Perhaps a question to ask yourself this week might be one of these: What word would move me? For what word do I wait? What word would make everything well?

A word from the doctor?
The tumor is gone.
The heartbeat is strong.
The surgery was successful and everything is well.

A word from a friend or family member?
I was wrong and I’m so sorry.
Please forgive me.
What can I do to make amends so that everything might once again be well?

A word from a loved one?
I trust you.
I respect you.
I believe in you.
I’m so proud of you.
I love you and would do anything to make everything well.

Now here’s the difficult follow-up question of Lent that we must try and answer as honestly as we can: What if I never hear the word I most long for? 

What will become of me? Will I take matters into my own hands? Will I trust my own word and willpower? Will I lay down in fear and despair and wonder why God bothers to keep me alive?

Friends, the journey is too much for you, but it’s not too much for God. Arise and eat.

You may not ever hear the word you long to hear from your doctor in this life, but you will hear it in the next when your body and mind are made perfectly whole by the word of God.

Arise and eat. I will keep my word. All will be well.

You may not ever hear the word you long to hear from your friends or family members in this life, but can you offer a spirit of shalom – forgiveness and peace – to others who don’t want it or return it? For if you believe God’s word, he has promised to give you a new heart and put a new spirit in you. “And I will remove the heart of stone from your flesh and give you a heart of flesh….” (Ezekiel 36:26)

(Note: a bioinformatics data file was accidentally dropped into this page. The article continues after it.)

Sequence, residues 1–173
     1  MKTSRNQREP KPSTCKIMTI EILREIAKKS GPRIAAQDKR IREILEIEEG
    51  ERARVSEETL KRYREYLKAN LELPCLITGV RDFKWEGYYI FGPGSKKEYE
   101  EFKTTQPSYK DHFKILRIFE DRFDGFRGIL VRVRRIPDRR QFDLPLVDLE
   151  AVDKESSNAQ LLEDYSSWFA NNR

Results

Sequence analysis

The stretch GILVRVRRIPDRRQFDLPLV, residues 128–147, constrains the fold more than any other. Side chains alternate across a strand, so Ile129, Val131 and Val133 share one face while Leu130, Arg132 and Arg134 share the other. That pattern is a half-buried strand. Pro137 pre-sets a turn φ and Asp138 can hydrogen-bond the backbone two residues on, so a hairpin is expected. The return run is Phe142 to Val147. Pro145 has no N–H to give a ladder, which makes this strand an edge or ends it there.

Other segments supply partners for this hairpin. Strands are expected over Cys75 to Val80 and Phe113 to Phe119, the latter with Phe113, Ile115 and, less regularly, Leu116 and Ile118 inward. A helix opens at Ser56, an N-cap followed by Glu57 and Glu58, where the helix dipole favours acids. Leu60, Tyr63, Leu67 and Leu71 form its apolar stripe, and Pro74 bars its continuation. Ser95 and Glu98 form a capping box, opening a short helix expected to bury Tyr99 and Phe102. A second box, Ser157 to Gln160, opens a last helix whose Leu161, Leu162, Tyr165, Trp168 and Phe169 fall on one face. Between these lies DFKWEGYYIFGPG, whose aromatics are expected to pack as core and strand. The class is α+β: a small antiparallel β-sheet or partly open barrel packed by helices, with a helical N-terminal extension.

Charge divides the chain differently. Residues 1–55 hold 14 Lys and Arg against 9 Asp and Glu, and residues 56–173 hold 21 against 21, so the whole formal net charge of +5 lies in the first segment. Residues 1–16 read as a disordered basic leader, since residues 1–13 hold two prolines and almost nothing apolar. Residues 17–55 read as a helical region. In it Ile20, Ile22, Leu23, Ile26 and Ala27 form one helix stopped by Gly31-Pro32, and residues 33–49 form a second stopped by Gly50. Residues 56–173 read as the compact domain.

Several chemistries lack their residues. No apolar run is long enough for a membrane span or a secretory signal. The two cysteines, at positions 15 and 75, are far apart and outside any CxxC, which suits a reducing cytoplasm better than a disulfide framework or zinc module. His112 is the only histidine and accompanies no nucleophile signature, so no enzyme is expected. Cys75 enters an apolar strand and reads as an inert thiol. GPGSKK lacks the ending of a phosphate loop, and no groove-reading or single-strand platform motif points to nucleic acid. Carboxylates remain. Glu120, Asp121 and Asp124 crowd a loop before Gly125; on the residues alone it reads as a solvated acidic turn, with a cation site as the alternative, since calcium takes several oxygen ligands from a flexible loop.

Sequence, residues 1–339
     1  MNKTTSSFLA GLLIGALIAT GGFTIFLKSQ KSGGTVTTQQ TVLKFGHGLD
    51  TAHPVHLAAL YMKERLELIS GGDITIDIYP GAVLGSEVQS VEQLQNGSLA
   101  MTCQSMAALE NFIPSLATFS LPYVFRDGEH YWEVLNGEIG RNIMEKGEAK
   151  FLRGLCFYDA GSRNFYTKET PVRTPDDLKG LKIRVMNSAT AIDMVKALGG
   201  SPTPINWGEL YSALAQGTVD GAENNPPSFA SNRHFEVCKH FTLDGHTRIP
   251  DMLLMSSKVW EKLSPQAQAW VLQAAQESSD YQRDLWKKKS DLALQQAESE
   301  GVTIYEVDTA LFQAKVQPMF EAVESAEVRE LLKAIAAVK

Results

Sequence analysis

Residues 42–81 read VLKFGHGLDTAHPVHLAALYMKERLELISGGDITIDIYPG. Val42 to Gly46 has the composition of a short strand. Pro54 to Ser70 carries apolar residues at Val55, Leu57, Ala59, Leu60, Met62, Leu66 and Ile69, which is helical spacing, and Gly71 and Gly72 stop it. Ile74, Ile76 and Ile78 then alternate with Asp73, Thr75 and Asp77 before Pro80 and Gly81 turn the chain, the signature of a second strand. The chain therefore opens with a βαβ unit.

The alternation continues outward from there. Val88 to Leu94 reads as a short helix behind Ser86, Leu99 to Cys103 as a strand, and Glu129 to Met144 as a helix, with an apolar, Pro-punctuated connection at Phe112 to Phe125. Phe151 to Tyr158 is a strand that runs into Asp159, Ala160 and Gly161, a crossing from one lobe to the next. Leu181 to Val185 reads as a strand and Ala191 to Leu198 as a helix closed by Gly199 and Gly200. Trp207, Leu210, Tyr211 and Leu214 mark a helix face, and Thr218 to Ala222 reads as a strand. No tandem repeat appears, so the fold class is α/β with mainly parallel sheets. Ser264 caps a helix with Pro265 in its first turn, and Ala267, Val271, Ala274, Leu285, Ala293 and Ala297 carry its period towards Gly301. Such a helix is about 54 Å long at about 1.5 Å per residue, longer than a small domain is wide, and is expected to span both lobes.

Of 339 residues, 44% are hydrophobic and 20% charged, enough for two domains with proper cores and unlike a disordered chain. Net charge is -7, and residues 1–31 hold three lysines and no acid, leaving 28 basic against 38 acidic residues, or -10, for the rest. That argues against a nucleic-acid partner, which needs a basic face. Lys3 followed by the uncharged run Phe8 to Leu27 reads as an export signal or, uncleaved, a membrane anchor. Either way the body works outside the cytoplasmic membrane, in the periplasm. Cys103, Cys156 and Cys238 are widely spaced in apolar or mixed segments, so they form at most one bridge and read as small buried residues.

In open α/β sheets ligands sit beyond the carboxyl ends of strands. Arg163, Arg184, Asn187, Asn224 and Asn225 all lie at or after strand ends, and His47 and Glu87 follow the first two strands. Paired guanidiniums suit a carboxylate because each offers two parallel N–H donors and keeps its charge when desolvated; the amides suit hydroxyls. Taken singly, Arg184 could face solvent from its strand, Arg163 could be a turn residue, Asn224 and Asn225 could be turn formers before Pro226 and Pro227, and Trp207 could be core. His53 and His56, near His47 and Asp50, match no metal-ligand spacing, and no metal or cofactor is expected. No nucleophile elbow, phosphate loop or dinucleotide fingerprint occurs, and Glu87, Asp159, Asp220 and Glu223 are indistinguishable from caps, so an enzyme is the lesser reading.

Arise and eat. Here is nourishment for the journey from my own hand. All will be will.

You may not ever hear the word you most long for from a loved one. But can you speak to your people the words they might long to hear? Who needs to know you are proud of them? That you see them and believe in them? That you respect and admire them? That you are praying for them as they walk and wait in humble faith? That you love them deeply just as they are?

Arise and eat. For my word and my power will not fail you. All will be well.

Shalom to you today.


*drawing by*

4 responses to Arise and Eat.

  1. Patricia A Jensen says:

    This is beautiful! Brought tears to my eyes and a lump in my throat. What if I never hear the word I most long for? Powerful. I’m printing this out and putting it on my bathroom mirror and inside my Bible to read and take in every day. So much to think over and absorb. Makes me wonder if any of my loved ones are waiting to hear those words from me? I am going to make sure that the answer is a loud and strong “No”. Thank you, Kim.

  2. Kim says:

    I love that Patricia. As a daughter of God you’ve already heard the word you most long for. What in this world (or the next) could ever separate you from the love of God?

  3. Gloria Strom Drayton says:

    A timely reminder for me in a particular situation these days. You are gracious to share the bread that God’s Spirit gives you. Thank you.